This will be slightly different for everyone but make sure to wear something that you feel the most confident and least self conscious in. Personally crop tops are a no go for me at this time – I like a cosy jumper, jeans and a comfy pair of trainers. Getting up and doing my hair and make up always makes me feel so much better too. But I have to admit that I pretty much live in my dressing gown and pyjamas when I’m at home anyway, so for me they become even more of a go to at this time.
3. Distract Yourself
This is a lot easier said than done, but concentrate your energy on doing something that you love and that will take your mind off of the negative thoughts. It might be watching your favourite film, yoga, scrap-booking, listening to your favourite music or podcast, meditating or taking a bath. I find that even just going to work helps to keep me distracted. It’s so important to take some time for self care and do something that you enjoy. I also find that it helps to distract from any thoughts that creep in regarding food and exercise.
4. Find Self Worth Outside Of Your Body
I think we all need to realise that we are worth so much more than our outward appearance. Realistically your appearance or weight is not what defines you or dictates your life. Why do you love the people around you? Because of what they weigh? No, it’s because of their personalities, their smile, their talents and the way that they make you laugh – so why would you think that the same doesn’t apply to you?
One of my favourite quotes is that we shouldn’t say anything to ourselves that we wouldn’t openly say our best friend. Talk kindly to yourself and put the focus on all the the things that make you YOU, that aren’t related to your appearance. Try making a list of all of the things that you’ve achieved recently, your talents or a list of goals for the future to motivate you.
5. Acknowledge How Far You’ve Come
At times when I am struggling, I like to focus on all of the positives that recovery has brought me. I know that for me personally, I’ve come so far in the past 3 years so when I find the negative thoughts about my body, weight and restriction creeping in I remind myself of all the misery that my eating disorder brought me and compare that to everything that weight gain and recovery have brought me. Now I can eat out, enjoy meals with friends and family, I have a healthier relationship with food, I’m able to go to work and I’m more social. Looking back to the place where I was and comparing it to where I am now gives me a push to carry on and go even further.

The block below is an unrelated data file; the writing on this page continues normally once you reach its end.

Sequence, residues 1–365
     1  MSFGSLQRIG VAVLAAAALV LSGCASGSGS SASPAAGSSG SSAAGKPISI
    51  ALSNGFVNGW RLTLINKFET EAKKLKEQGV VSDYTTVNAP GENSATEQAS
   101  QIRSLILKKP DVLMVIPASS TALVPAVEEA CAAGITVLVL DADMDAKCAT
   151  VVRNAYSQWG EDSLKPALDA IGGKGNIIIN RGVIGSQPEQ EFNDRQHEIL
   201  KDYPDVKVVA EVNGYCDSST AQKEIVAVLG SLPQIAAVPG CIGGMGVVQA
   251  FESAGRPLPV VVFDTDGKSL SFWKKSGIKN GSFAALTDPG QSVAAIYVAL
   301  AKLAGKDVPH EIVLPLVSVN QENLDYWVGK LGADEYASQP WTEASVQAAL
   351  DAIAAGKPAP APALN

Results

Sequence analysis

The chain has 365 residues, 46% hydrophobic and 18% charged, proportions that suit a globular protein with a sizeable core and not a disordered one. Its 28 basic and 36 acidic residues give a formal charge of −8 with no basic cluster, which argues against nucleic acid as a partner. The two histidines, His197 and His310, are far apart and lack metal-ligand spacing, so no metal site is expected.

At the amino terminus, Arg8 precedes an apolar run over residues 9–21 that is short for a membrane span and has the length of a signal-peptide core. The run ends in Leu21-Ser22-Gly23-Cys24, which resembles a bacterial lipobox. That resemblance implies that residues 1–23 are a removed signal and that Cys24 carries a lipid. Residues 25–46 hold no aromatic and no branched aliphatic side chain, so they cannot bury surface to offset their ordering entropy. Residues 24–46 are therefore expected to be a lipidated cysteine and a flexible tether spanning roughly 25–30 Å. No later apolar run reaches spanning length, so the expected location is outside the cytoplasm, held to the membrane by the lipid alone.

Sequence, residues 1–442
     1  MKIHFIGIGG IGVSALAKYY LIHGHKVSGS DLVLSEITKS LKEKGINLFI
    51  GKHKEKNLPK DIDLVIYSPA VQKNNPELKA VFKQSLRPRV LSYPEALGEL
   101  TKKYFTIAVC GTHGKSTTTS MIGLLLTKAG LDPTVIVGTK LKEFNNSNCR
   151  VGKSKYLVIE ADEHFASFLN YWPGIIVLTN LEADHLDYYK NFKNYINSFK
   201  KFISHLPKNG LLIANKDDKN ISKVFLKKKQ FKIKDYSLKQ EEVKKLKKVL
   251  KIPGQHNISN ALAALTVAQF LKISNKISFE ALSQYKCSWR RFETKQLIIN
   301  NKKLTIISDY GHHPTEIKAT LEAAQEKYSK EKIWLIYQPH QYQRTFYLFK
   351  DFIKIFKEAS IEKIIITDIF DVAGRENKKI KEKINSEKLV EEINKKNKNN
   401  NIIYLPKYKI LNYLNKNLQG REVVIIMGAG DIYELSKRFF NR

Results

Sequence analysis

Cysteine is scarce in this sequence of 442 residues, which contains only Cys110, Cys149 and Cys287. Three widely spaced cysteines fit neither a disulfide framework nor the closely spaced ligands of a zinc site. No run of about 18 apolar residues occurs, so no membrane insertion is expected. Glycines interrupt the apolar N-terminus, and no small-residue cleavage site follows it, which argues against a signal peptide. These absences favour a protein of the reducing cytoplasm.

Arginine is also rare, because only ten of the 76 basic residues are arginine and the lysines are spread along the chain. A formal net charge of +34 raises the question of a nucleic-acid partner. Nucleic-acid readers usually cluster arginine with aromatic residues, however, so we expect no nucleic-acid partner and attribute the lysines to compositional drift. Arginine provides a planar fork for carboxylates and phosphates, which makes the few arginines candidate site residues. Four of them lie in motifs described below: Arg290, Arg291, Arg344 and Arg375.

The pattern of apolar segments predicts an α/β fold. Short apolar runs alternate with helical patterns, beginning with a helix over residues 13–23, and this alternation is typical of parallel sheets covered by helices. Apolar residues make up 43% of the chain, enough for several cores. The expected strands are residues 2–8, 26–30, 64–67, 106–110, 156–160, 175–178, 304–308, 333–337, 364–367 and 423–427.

6. Be Grateful
We’re all guilty of taking our bodies for granted and are far too quick to talk negatively about them – picking them apart and forgetting how much they do for us on a daily basis. Be grateful and thankful to your body – it keeps you alive, enables you to study, work and breath. It’s constantly working 24 hours a day to power you through what ever life throws at you so be grateful and know that this is so much more important than simply what it looks like.
For me, one of my biggest insecurities has always my thighs and so dealing with weight gain there has been difficult but now I try and put a positive spin on it and be grateful for all of the things that they enable me to do. Yes they may be bigger than they were a year or two years ago but they allow me to walk my dog, go to work and power me through workouts. And if that means that they happen to be bigger, then that’s something that I am grateful for.
Your body works so hard to simply keep you alive so don’t let it go under appreciated.
7. Open up and ask for help
Asking for help or acknowledging that you’re struggling isn’t a sign of weakness – in fact it’s one of the bravest thing that you can do. Opening up and getting it off of your chest can be so much more beneficial than you think. I find that simply getting those thoughts out of my own head and sharing them with someone else can be such a relief and reiterates that you’re not alone. I often off load to my mum, or send a message to one of my friends and I always feel so much better for it. If you don’t have someone close to you, then you can speak confidentially with a BEAT adviser via their helpline.
Do you have any tips or advice for dealing with bad body image days? Or are there any other particular topics that you want me to talk about in relation to Anorexia recovery? I would love to hear your thoughts so please leave them in the comments below or let me know over on Instagram @nourishingyas x